Westwood: You already know my obsession: "buy less, choose better, make it last," which translates through reduced collections, featuring fewer references, and a business model that really invests itself in production in order to improve it. Fewer seasons, a more targeted approach: that's the business of the future. I've taken advantage of this time to recenter myself and I've seized the chance to come on Instagram every Friday in a different outfit in order to deliver an activist message to my followers (the creator's weekly addresses can be accessed on her instagram account, @viviennewestwood.

Andreas Kronthaler et Vivienne Westwood

Meinke Klein @Unit.

Andreas, you designed these collections all while preserving and renewing the Vivienne Westwood heritage. How do you manage this balancing act?

Kronthaler: It's simple: everything I design, I need to love the result.

And where do you get your irreverent sense of humor?

Kronthaler: Humor is an enormously important quality that, I think, has been forgotten or is under-used. I love things that make me smile or distract me. Humor is so essential in life, why wouldn't we use it in fashion too?

Westwood: Every piece I create needs to tell a story. I imagine who's supposed to be wearing it. When we work with supermodels (in January 2020, Naomi Campbell became the first ambassador of a Vivienne Westwood campaign), I imagine unique ensembles for their personality. History is often caricatural — it can be ironic or, indeed, even absurd.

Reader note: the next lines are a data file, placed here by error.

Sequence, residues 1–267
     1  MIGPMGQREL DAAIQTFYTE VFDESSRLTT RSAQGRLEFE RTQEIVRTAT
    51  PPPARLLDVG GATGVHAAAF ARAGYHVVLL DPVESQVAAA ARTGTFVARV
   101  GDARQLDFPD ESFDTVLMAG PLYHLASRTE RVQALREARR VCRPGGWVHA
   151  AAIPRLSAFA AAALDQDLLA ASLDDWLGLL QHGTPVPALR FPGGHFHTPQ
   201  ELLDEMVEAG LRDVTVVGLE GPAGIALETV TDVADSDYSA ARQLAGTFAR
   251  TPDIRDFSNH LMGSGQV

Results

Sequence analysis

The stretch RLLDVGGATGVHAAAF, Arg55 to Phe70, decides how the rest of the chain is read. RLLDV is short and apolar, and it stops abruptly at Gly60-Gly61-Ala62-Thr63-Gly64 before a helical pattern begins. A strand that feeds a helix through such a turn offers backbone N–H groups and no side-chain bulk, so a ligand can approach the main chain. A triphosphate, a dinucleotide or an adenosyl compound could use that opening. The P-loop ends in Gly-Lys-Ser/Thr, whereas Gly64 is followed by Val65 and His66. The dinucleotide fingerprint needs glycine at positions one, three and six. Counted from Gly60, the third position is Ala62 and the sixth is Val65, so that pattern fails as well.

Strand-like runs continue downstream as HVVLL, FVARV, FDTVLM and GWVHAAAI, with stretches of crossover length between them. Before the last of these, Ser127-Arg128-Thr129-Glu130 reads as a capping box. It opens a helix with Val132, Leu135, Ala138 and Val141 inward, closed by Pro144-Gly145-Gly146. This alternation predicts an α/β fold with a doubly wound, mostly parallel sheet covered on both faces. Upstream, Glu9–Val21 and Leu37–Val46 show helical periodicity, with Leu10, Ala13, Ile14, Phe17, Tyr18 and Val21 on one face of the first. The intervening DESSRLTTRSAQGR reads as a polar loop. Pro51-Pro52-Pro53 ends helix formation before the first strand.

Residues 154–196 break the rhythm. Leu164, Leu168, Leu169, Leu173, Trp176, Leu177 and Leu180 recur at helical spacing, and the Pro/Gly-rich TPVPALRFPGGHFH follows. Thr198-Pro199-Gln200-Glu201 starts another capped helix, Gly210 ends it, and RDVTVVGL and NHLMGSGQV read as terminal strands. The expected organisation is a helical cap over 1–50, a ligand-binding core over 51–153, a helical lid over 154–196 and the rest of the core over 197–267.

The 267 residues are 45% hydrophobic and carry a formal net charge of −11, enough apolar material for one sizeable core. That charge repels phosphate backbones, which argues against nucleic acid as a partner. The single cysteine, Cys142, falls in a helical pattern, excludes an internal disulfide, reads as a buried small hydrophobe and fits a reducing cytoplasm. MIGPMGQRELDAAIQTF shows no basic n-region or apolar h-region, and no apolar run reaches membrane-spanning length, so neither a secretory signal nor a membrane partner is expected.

What stimulates you today in your creative work?

Kronthaler: When a collection is finished, and the finished pieces are sitting in front of me, I'm capable of dressing a person and really having fun with the clothes. I find this to be the most stimulating or gratifying part of the creative process. Otherwise, the real cherry on top of the cake is when I see someone wearing one of our styles in the street.

Westwood: I love reading, much like Andreas — we're both great lovers of art. What I mean by that is that if you're cultured, that culture will serve as a reference, and it will stimulate you. If you don't, even genius will bring you nothing — it would be like having an empty refrigerator. You need to stock it if you want to have something in the house to eat.